“A French horn player of [Cline’s] level should be playing, and not working a day job as a waiter,” said Maki. The Dana School of Music at Youngstown State University, coupled with the low cost of living in the Mahoning Valley, are the two main reasons for the area’s wealth of classical musicians. Maki passes on the savings to his clients. Almost all of the musicians in the YSS are professionals, working as music teachers, members of regional orchestras, or as otherwise paid performers. The YSS is producing three to five scores per year at this time, while building its reputation among filmmakers. It is kept on pace largely through the efforts of four key people: Mariana Szalaj, administrative director; concert master Natalie Sahyoun, who handles stylistic expresssions between Maki and the orchestra; engineer Mike Talanca, owner of Tune Town recording studio in Newton Falls; and recordist Jack Ciarnello, who manages all takes and records them. Maki works full time as a composer, and does not take pay for his work as director and conductor of the YSS. His clients are mainly indie filmmakers with modest budgets. Contracts are obtained through his film industry connections. Work begins with Maki reading the script and watching the film to determine the best way to handle the music. “I’m more interested in seeing the film than the script,” he said. “There can be pacing issues. For example, a script might simply say ‘car chase’ but in the film they might do it in slow motion for artistic reasons.” There is a lot of back-and-forth between Maki and the director as the score is fine-tuned. it requires a high degree of cooperation and often results in repeat business. “When a director finds a composer that he can work with, he will continue to do so,” said Maki. “It has to be someone who doesn’t take offense at being told to make changes, who wants the film to be as good as it can be. “There is a lot of give and take. Sometimes I have to start over.” The goal is to make music that enhances the film, seamlessly and unobtrusively. Maki gave an example: “When you hear the score of ‘Rocky,’ it makes you go ‘yay, Rocky,’ not ‘yay, music.’”

Las Cruces – Dominic Brown, 23, a senior at New Mexico State University’s Creative Media Institute, is directing a film called “Knock ‘Em Dead.” It’s a short film about a mortuary assistant who dreams of becoming a comedian, but lacks comic timing.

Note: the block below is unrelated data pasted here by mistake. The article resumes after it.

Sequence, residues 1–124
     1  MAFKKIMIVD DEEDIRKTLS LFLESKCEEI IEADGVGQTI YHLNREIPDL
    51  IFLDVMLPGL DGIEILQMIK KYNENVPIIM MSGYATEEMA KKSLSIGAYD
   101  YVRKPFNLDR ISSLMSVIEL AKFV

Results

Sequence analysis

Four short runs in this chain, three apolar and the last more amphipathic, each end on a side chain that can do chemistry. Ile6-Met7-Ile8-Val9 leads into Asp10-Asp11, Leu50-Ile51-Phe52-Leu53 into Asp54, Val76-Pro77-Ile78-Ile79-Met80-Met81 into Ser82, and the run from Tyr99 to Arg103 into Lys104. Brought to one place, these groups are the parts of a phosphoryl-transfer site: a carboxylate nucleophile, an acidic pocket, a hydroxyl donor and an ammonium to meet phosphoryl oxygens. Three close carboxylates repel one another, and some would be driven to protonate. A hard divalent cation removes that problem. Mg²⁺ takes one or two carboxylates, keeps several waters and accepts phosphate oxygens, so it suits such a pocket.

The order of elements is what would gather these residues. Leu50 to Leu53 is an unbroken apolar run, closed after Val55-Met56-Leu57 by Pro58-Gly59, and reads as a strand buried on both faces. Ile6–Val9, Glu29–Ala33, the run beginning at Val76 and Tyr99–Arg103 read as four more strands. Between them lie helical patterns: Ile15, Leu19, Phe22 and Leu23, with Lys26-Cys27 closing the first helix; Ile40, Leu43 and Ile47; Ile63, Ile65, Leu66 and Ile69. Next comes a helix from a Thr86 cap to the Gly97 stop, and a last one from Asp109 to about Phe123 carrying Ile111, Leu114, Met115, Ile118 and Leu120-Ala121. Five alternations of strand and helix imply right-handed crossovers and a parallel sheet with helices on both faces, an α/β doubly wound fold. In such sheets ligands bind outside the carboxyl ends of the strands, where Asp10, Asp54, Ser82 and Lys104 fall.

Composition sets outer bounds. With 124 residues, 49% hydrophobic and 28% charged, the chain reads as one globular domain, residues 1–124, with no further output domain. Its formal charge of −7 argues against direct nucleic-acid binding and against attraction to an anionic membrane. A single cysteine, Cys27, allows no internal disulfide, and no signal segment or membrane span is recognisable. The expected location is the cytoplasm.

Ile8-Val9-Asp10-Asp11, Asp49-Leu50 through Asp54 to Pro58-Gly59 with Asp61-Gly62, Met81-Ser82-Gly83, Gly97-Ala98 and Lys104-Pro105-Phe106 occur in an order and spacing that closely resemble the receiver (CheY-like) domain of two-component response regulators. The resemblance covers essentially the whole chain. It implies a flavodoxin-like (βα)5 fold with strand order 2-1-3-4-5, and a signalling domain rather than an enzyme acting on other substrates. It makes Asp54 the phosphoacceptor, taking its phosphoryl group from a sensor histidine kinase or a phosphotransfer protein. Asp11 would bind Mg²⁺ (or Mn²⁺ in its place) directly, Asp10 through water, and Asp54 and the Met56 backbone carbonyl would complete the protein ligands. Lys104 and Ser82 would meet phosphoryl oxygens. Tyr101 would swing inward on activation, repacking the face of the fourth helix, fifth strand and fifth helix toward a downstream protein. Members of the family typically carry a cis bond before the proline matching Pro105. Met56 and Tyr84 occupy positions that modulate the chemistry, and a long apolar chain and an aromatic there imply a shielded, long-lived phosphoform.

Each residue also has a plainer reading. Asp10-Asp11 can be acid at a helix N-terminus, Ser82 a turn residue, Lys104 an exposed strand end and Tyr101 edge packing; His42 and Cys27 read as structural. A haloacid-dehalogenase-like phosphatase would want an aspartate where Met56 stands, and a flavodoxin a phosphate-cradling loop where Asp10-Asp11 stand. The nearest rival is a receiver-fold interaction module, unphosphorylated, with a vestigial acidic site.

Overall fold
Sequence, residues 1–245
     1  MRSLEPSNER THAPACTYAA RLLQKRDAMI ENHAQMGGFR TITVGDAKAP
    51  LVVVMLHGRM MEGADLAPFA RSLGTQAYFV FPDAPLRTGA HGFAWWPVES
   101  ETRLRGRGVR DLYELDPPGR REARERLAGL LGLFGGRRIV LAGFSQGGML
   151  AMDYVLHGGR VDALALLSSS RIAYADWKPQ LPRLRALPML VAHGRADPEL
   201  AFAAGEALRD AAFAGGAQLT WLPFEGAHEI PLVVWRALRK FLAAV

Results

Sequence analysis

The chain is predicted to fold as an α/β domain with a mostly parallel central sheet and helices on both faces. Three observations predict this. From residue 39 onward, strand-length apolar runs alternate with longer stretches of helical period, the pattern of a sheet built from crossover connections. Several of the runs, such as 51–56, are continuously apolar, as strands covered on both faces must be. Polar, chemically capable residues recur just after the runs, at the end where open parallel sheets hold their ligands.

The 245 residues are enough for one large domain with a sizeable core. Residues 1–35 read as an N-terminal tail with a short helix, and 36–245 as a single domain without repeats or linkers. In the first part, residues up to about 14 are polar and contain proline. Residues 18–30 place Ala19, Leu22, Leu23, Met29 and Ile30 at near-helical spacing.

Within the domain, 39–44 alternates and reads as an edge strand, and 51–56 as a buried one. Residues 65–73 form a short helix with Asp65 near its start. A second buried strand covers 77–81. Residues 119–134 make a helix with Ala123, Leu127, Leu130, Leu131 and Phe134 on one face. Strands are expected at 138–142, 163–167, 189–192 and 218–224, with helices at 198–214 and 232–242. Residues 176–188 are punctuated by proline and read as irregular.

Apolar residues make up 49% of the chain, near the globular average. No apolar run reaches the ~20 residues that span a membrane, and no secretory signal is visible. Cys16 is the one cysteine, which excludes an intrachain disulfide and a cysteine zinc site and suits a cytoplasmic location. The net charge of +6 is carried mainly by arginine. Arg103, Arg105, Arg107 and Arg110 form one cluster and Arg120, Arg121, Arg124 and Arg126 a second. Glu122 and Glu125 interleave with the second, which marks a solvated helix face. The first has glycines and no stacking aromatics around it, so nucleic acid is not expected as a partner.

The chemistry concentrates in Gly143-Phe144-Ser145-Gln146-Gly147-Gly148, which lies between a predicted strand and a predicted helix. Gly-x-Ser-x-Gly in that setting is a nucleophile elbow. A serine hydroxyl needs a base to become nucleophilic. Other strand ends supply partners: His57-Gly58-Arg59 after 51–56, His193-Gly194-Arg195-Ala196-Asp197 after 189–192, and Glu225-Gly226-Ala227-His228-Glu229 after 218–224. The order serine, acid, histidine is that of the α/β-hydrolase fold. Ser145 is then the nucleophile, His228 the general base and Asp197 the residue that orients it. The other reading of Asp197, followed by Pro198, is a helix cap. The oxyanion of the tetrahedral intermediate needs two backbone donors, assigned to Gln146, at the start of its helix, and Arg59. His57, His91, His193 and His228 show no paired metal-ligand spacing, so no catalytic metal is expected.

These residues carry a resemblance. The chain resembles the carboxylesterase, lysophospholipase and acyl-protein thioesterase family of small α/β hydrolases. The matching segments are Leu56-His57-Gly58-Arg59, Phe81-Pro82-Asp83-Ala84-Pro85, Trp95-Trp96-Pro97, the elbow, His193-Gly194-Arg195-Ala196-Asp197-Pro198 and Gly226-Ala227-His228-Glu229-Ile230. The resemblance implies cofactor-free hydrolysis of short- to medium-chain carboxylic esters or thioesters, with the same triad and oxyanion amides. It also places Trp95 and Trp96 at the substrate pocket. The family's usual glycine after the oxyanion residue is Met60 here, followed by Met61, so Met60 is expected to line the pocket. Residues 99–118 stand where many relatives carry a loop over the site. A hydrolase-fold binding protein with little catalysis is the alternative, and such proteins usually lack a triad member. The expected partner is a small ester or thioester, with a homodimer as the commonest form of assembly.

“He’s not very funny, so he practices comedy in front of the dead as he puts makeup on them,” Brown said. “It’s a heartwarming story as we follow him and he tries to follow his dream.”The film is part of Brown’s senior project, which includes a crew of about 20 people and a cast of at least 11 main characters, including other NMSU students and recently graduated students.Once the project is finished, Brown said the group plans to try to have a public showing at Rio Grande Theatre. They will also try to enter the short in film festivals, he said.After Brown graduates, he plans to continue to work on independent film projects and apply for internships.While Brown said he would enjoy taking on an internship in Las Cruces, there aren’t many film internships offered locally, so finding work elsewhere may be the best option for now. However, Brown said he thinks the film scene is on the rise in the state and that Las Cruces may turn out more opportunities in the future.”(Las Cruces) has a lot of space to really film and be free… and a lot of people are willing to work with students,” he said. “I think as time goes on, New Mexico might be one of the top places for filming.”With two movie studios in Santa Fe and two studios in Albuquerque, Brown may not be wrong about the future of the film industry in the state.And while Las Cruces has some catching up to do, the local film scene, including the rise of independent films and media production companies, have been budding over the last few years.”We’ve got two great film schools here,” said Mark Vasconcellos, local filmmaker, actor and former Creative Media Technology professor at Doña Ana Community College. “We’ve got a city that’s pretty pro-film now and we have a lot of businesses that can help the filmmakers here, so we’re ready to go. We just need to do it properly.”Last year, the New Mexico state legislature appropriated $555,000 for the construction of a backlot, or outdoor set, at Corralitos Ranch, west of Las Cruces near the airport, which would attract more big-name movies to the area. However, that money may be reappropriated to build a soundstage (a sound-controlled building) first, Vasconcellos said.One of the benefits of bringing bigger films to Las Cruces is that it will create more jobs for students graduating from college, giving them an opportunity to get their foot in the door to what is a highly competitive, unionized industry, he said.”At this point in time, most of the young filmmakers end up leaving Las Cruces and that’s what we don’t want,” Vasconcellos said. “We want to bring the industry here, so people can get hired on legitimate films and stay here. And then when they have money in their pockets, they turn around and make their own movies, so the industry kind of feeds itself.”Preparing studentsAlong with Brown, about 325 students have majors in Digital Filmmaking and Animation and Visual Effects in the CMI program at NMSU — a program that started about eight years ago, said Phil Lewis, Ph.D., NMSU cinema professor and former CMI department head.At one point, the program was up to about 425 students, Lewis said. The high interest created a need for an application process to keep the numbers manageable, due to a lack of faculty and small facilities. Currently, the program can comfortably accommodate about 300 students.Students who are admitted to the program depend on the number of students already enrolled, how many applications are submitted and the applicants’ filmmaking experience. Lewis said since he began serving as department head five years ago, three faculty members have been added to the program. Whether faculty may expand in the near future is unknown, Lewis said. But the construction of a studio in Las Cruces may provide another facility for CMI students to take classes and learn the trade.http://newsok.com/local-media-programs-prepare-students-for-a-future-in-film/article/feed/804430